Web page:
Latest Highlight

Rights group slams Myanmar over Rohingya calendar case

December 14, 2015

Calls on gov’t to drop charges against 6 men for printing calendar using quotes supportive of persecuted Rohingya Muslim minority

YANGON, Myanmar -- A rights group called on Myanmar’s government Friday to drop all charges against six men who face up to two years in prison for printing a calendar that used quotes to support the country's persecuted Rohingya Muslim minority.

Matthew Smith, executive director of Fortify Rights, condemned the “absurd” charges in a statement saying that the case “appears to be part of a campaign to strike the term ‘Rohingya’ from the country’s vocabulary.”

Five of the accused –publisher Kyaw Kyaw Wai and his associates -- were taken into custody late last month over a calendar that used what it said were the words of former Myanmar prime minister U Nu to debunk the official view that the Rohingya are not a real ethnic minority.

While the five had previously been arrested and fined $800 earlier in November, the sixth man, Aung Khin, has been in hiding ever since 19 policemen reportedly raided his home at around 2.30 a.m. on Nov. 20.

The calendar has angered Buddhist extremists who regard the Rohingya as illegal immigrants from neighboring Bangladesh and insist that they should be referred to as "Bengalis".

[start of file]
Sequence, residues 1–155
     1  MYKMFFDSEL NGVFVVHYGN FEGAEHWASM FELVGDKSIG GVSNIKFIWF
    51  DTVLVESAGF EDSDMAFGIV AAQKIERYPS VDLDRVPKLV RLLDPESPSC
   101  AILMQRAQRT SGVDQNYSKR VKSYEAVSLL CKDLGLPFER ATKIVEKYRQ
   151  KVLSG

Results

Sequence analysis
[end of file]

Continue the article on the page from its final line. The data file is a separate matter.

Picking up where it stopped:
The six men are charged with violating Section 505(b) of the penal code, under which a conviction for producing a document with “intent to cause… fear or alarm to the public” can be punished with a two-year term.

The statement Friday criticized the section for its wording being “overly broad” and its history of being “used as a tool of repression against political activists, human rights defenders, and others.”

“There is no justifiable reason to restrict the use of the term ‘Rohingya’,” Smith said.

“If the government is truly concerned about keeping peace, they would stand up for the rights of all people, Rohingya included,” he stressed. “This calendar doesn’t threaten law and order, human rights abuses do.”

The Rohingya are denied citizenship under a 1982 law that has been widely condemned by rights groups.

Most members of the minority live under apartheid-like conditions in western Rakhine state following mob violence led by Buddhists in 2012.

The calendar case is the latest instance of police arresting people at the behest of Buddhist extremists who preach that Myanmar is under threat from Islam.

A New Zealander and his two Myanmar colleagues were jailed earlier this year after using an image of Buddha wearing headphones to advertise an event at their Yangon bar.

Htin Lin Oo, a prominent member of the opposition National League for Democracy (NLD) party, was jailed after a speech last October in which he criticized the use of Buddhism to justify extremism.

The NLD is due to take power around late March after winning a landslide victory in a Nov. 8 election. Spokesperson Win Htein has vowed the party will make releasing political prisoners a "top priority".

But in a recent interview with Anadolu Agency, he declined to comment on whether or not Buddhist extremists would pose a challenge to releasing certain prisoners.

Write A Comment

Rohingya Exodus